On April 15, Maricopa County Superior Court Judge Roland Steinle brought to a close the tragic story of Noor Al-Maleki with the sentencing of her father, Faleh Hassan Al-Maleki, to 34 ½ years in prison. Judge Steinle, a respected jurist on all sides of the bench, made an uncharacteristically emotional statement to Faleh with his decision.
Although well intended, Judge Steinle's remarks ventured into many theological, cultural and social areas from which he should have steered clear. His comments only exacerbated the harm done by the jury with their conviction on the lesser charge of second-degree murder. Combined, these decisions are a significant blow to America's messaging against honor killings.
Judge Steinle is correct to state that the Quran says "nothing at all about carrying out vengeance in order to gain back honor in some way." He was still misguided to assert that it was not an honor killing.
The reasons are complicated, but there is profound import placed on family "honor" and, more importantly, on "shame" in some Muslim communities across America. The attention given to these tribal perceptions has great impact on the treatment of women within those communities. Shame and honor understood this way are a slippery slope of more pervasive cultural, social and, yes, religious mores that oppress women and cannot be ignored. Judge Steinle chose to ignore them. The jury sadly appears to have taken into account these mores as an excuse for Faleh's actions.
Although many are lauding this sentence as a "virtual" life sentence for Faleh, the sentence is only 16 years for the vicious murder of his daughter. This sends an enabling message. Faleh was motivated by the shame he felt his daughter's actions brought him. The Phoenix New Times reported that he told detectives, "If your house has got a fire (in) just part of the house, do we . . . let the house burn or (do) we try to stop the fire?" Noor Al-Maleki was the small "fire" he had been forced to extinguish.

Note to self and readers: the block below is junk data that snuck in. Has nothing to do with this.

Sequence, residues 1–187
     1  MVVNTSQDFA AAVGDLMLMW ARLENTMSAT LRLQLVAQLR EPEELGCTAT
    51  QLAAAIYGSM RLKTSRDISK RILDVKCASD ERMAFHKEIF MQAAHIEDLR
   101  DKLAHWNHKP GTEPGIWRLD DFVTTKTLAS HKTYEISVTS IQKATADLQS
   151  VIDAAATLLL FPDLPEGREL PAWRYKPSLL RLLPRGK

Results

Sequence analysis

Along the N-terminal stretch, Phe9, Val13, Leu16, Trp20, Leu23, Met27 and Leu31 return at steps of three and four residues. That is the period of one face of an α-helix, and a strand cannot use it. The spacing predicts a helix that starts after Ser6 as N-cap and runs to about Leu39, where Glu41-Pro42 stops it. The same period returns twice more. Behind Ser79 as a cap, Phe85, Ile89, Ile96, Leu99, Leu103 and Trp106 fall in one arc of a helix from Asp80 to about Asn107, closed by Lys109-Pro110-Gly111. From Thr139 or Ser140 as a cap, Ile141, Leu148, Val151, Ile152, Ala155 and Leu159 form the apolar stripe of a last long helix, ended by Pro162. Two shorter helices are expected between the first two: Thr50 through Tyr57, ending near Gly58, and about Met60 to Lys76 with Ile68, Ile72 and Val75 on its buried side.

From jail he told his wife, "The Iraqi honor is precious. . . . For an Iraqi, honor is the most valuable thing."
Noor Al-Maleki's actions were probably judged negatively within various circles of their Iraqi community. This communal shame is the root that leads to abuse, violence and, at times, honor killing. Our legal system had an opportunity to make an unequivocal statement against Faleh's mindset, but it fell short. For any Muslim defenders of the oppression of women, the verdict and sentencing sadly left many openings for apologetics.
Tragically Noor Al-Maleki's death is but the tip of the iceberg. We cannot deny that there are some Muslim women in our American society who are shunned for how they dress or behave. Physical and mental abuse are often used to force a girl to understand the consequences of shame. Honor killings in the West are only increasing because our communities have avoided any open discussion about the interplay of culture, tribalism, family, honor, shame and faith. The self-destruction of families like Al-Maleki's cannot be prevented when society enables such deep-seeded denial.
How many Noors do we need to lose before we begin to take some responsibility for reform against the cultural and theological ideologies that denigrate women? The jury should have convicted Faleh of first-degree murder. At sentencing, Judge Steinle should have made clear to the entire world that in the United States we do not tolerate or mitigate for shame or honor.
As someone obsessed with Islamic modernization, I had prayed that Faleh would feel the full force of the law and get a maximum sentence for first-degree murder - ideally the death penalty. But he did not.
The more lenient sentence will affect how honor killings are viewed in America, reinforcing a belief that these actions are understandable. That is in line with what would happen in Middle Eastern countries guided by fundamentalist interpretations of Shariah law, in which lip service is given to stopping the behavior, but light punishment is the law of the land.
It is my hope that they now openly embrace Noor's story and begin the dialogue that is necessary to reform the insular mindset among some Muslims that view women as inferior. In the aftermath of this case, we American-Muslims must make Noor Al-Maleki a beacon for change within the Muslim consciousness.